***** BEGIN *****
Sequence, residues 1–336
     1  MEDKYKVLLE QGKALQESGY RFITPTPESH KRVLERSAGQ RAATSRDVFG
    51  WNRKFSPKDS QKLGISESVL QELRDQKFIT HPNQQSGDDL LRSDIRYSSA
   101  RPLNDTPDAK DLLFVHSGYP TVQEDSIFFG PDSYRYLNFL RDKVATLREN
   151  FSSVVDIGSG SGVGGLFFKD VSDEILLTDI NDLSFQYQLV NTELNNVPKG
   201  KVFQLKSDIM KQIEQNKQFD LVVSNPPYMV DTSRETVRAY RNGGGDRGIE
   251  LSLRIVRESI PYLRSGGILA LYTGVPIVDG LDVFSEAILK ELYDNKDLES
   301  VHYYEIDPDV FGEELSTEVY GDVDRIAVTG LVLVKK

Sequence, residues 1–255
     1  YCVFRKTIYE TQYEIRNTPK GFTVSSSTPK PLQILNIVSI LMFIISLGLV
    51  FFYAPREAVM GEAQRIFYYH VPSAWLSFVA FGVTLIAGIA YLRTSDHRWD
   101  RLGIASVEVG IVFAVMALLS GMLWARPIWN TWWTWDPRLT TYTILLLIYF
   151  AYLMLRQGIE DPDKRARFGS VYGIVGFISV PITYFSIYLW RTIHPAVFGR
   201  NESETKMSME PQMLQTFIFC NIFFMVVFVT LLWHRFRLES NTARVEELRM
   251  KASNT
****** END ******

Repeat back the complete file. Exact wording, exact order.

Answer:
Sequence, residues 1–336
     1  MEDKYKVLLE QGKALQESGY RFITPTPESH KRVLERSAGQ RAATSRDVFG
    51  WNRKFSPKDS QKLGISESVL QELRDQKFIT HPNQQSGDDL LRSDIRYSSA
   101  RPLNDTPDAK DLLFVHSGYP TVQEDSIFFG PDSYRYLNFL RDKVATLREN
   151  FSSVVDIGSG SGVGGLFFKD VSDEILLTDI NDLSFQYQLV NTELNNVPKG
   201  KVFQLKSDIM KQIEQNKQFD LVVSNPPYMV DTSRETVRAY RNGGGDRGIE
   251  LSLRIVRESI PYLRSGGILA LYTGVPIVDG LDVFSEAILK ELYDNKDLES
   301  VHYYEIDPDV FGEELSTEVY GDVDRIAVTG LVLVKK

Sequence, residues 1–255
     1  YCVFRKTIYE TQYEIRNTPK GFTVSSSTPK PLQILNIVSI LMFIISLGLV
    51  FFYAPREAVM GEAQRIFYYH VPSAWLSFVA FGVTLIAGIA YLRTSDHRWD
   101  RLGIASVEVG IVFAVMALLS GMLWARPIWN TWWTWDPRLT TYTILLLIYF
   151  AYLMLRQGIE DPDKRARFGS VYGIVGFISV PITYFSIYLW RTIHPAVFGR
   201  NESETKMSME PQMLQTFIFC NIFFMVVFVT LLWHRFRLES NTARVEELRM
   251  KASNT